The Fed Under Fire

The US Federal Reserve System has always been a work in progress, and now it is being subjected to the most severe attack by members of Congress since the Great Depression. But it is far from clear that the right response to the latest crisis is an abrupt turn away from the reforms adopted back then.

CAMBRIDGE – The Federal Reserve is under attack. Bills subjecting the United States' central bank to “auditing" by the Government Accountability Office are likely to be passed by both houses of Congress. Legislation that would tie how the Fed sets interest rates to a predetermined formula is also being considered.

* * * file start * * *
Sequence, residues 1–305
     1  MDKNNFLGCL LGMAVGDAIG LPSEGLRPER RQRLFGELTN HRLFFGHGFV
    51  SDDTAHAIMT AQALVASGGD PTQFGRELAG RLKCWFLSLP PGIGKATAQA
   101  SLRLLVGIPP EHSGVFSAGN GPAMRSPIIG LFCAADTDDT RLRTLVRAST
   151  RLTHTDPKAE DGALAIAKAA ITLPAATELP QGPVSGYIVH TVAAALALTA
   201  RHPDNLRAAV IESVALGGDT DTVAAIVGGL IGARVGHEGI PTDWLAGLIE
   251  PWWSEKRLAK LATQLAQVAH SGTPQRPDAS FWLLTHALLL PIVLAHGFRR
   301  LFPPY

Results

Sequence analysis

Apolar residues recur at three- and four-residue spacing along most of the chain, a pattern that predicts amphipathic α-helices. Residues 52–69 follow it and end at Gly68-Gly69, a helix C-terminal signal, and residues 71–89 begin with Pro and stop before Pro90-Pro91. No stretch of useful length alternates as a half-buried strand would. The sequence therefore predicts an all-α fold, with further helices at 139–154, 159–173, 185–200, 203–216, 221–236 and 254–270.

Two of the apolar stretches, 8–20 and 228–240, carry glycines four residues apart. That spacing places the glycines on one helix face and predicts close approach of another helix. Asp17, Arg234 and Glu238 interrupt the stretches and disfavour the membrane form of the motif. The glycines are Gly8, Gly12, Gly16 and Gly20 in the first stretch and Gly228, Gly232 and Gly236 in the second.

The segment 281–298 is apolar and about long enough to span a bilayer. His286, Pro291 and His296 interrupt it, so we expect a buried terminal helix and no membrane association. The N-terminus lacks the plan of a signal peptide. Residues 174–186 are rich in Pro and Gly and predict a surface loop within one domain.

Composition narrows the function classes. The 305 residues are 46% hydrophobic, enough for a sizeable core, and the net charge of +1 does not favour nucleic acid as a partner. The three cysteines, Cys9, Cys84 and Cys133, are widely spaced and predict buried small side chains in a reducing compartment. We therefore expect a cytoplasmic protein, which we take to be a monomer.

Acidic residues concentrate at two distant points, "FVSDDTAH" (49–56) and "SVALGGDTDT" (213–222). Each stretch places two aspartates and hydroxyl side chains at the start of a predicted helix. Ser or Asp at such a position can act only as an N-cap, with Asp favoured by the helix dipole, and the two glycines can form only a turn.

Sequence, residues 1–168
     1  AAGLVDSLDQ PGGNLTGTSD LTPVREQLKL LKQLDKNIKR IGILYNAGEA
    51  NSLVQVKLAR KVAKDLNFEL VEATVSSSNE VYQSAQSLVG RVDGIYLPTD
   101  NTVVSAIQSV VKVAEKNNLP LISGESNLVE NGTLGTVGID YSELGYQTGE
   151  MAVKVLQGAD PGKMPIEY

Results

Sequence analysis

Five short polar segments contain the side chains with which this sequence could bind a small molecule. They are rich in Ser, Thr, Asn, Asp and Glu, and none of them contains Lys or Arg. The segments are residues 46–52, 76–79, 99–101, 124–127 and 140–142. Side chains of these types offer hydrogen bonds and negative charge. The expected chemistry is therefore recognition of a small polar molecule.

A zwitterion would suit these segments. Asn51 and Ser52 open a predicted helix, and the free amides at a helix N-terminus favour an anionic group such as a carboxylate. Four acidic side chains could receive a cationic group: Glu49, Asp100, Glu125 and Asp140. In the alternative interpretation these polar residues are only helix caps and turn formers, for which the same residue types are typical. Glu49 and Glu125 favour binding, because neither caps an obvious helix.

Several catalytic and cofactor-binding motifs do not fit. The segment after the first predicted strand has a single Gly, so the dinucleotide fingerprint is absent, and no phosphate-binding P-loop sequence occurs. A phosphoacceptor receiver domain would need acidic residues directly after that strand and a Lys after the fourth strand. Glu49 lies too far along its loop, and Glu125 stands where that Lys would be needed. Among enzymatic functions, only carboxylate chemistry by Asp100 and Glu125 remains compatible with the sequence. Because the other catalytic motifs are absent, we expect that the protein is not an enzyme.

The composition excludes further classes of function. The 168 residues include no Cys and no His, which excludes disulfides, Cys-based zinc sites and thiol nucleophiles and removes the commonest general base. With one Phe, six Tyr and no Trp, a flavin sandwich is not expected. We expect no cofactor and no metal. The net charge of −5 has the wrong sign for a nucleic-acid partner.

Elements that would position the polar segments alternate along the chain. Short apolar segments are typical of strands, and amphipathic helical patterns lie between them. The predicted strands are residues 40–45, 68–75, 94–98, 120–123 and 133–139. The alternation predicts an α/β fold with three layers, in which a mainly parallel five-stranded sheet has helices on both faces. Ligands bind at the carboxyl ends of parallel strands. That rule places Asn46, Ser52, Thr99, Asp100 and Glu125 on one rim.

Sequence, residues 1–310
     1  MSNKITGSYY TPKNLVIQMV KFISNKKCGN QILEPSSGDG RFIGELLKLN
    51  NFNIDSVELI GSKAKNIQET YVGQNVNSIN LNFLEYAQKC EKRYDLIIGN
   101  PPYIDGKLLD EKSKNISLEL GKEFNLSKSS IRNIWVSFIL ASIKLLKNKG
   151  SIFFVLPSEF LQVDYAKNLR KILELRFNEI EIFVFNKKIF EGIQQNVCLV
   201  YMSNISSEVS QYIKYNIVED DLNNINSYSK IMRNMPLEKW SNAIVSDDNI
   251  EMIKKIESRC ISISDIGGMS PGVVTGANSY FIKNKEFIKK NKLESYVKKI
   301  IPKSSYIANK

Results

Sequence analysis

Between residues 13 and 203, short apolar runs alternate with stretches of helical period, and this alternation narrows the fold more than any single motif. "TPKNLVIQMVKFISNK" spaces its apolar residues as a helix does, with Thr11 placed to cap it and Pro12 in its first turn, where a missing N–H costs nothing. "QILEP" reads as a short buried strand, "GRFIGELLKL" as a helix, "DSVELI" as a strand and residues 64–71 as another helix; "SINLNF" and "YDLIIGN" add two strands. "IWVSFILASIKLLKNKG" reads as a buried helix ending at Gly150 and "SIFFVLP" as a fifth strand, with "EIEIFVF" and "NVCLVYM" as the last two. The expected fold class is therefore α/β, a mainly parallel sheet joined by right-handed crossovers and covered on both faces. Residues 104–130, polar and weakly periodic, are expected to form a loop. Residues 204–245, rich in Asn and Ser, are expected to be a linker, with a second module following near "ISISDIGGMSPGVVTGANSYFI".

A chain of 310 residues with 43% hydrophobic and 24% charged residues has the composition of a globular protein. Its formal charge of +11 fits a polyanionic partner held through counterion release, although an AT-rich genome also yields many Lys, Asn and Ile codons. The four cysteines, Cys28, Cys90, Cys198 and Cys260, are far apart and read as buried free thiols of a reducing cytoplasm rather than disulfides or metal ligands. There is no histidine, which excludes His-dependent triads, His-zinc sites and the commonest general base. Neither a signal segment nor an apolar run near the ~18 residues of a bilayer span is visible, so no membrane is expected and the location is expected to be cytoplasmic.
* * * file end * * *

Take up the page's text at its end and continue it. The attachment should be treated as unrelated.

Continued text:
Anyone unaware of the incoming fire only had to listen to the grilling Fed Chair Janet Yellen received recently on Capitol Hill. Members of Congress criticized Yellen for meeting privately with the president and treasury secretary, and denounced her for weighing in on issues tangential to monetary policy.

Still others, like Richard Fisher, the outgoing president of the Dallas Fed, have inveighed against the special role of the Federal Reserve Bank of New York. Reflecting the New York Fed's heavy regulatory responsibilities, owing to its proximity to the seat of finance, its president has a permanent seat on the Federal Open Market Committee, the body that sets the Fed's benchmark interest rate. This, its detractors warn, privileges Wall Street in the operation of the Federal Reserve System.

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